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1/25/2018 7:38:29 AM
Posted: 4/16/2002 3:41:02 AM EST
[size=4]Arguing with the Insane[/size=4] [b]Seeing through the legitimatization fog.[/b] On September 15, 1999, eight Christians were slaughtered in a church in Fort Worth, Tex. The killer, Larry Ashbrook, shouted things like, [b]"What you believe is bulls**t!"[/b] The media covered the story almost entirely as a gun-control issue, much to the chagrin of conservative media-watchers who'd seen Matthew Shepard and James Byrd — victims of particularly heinous murders and "hate crimes" — celebrated for their status in the identity-politics pantheon even as white Christians slaughtered by a religious bigot were dismissed out of hand. Whether this was a fair criticism or not, the gun-control issue was absurd. Ostensibly sharp folks in editorial rooms in New York, Los Angeles, and Washington, D.C., believed, for some reason, that if a sign had been posted outside the Church saying "No guns allowed" this deranged maniac wouldn't have killed anybody. [b]Laws against murder have no teeth, you see, but laws against handguns are a serious deterrent.[/b] This was, in essence, the selective application of reason typical of reformers of all stripes. The thinking behind such movements — be they for prohibition, gun control, or campaign-finance "reform" — is always the same: [b]New laws will somehow deter people who were perfectly willing to break old laws.[/b] Perhaps the greatest example of such a mindset was the Kellogg-Briand Pact, which "outlawed" war. "Now, why hasn't anybody thought of outlawing war before?" the intellectual class seemed to ask itself, smacking its collective head in what amounted to an international "V8 moment" (don't tell me you don't remember those commercials). See remainder of commentary at:[url]http://www.nationalreview.com/goldberg/goldberg.asp[/url] Eric The(Impressed,AsAlways)Hun[>]:)]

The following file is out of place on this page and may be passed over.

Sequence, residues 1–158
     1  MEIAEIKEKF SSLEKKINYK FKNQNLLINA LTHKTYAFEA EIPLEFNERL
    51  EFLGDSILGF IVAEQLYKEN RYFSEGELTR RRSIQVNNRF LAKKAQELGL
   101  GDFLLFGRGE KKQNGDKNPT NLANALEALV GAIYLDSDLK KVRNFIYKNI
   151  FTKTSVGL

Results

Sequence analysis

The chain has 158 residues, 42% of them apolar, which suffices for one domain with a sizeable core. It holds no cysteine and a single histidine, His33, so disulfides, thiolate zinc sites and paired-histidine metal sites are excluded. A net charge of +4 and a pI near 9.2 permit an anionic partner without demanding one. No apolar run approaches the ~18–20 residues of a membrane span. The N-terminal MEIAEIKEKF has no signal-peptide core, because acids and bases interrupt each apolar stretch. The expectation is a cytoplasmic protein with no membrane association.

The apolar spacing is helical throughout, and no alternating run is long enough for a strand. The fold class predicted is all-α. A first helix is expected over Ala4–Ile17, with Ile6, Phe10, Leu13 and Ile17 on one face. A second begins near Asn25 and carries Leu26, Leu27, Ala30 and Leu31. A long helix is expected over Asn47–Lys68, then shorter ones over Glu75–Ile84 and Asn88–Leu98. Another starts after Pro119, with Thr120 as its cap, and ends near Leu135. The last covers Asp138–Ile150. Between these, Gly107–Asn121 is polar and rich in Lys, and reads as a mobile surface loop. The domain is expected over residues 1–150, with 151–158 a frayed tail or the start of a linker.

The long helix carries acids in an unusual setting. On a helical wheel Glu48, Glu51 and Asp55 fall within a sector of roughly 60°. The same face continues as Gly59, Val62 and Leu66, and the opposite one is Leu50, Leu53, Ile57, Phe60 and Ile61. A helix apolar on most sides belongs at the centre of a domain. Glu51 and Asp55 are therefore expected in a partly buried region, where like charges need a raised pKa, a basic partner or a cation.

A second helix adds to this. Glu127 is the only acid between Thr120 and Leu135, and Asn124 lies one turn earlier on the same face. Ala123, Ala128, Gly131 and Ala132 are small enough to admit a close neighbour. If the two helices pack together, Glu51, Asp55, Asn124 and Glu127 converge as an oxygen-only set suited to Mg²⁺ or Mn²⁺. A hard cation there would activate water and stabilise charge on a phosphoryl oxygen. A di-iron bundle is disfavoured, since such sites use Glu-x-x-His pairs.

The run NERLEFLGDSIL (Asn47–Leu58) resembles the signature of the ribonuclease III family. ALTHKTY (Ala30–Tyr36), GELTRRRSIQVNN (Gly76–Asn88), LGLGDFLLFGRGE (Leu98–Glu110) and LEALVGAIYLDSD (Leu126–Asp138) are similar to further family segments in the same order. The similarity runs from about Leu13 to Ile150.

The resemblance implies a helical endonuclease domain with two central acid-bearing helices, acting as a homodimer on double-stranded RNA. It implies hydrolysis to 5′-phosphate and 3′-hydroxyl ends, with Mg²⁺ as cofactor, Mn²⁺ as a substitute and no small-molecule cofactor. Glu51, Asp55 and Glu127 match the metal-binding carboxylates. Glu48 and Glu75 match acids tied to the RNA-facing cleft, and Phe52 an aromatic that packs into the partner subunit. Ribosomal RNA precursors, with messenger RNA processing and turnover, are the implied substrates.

Link Posted: 4/16/2002 8:33:16 AM EST
Hmm, a good one...
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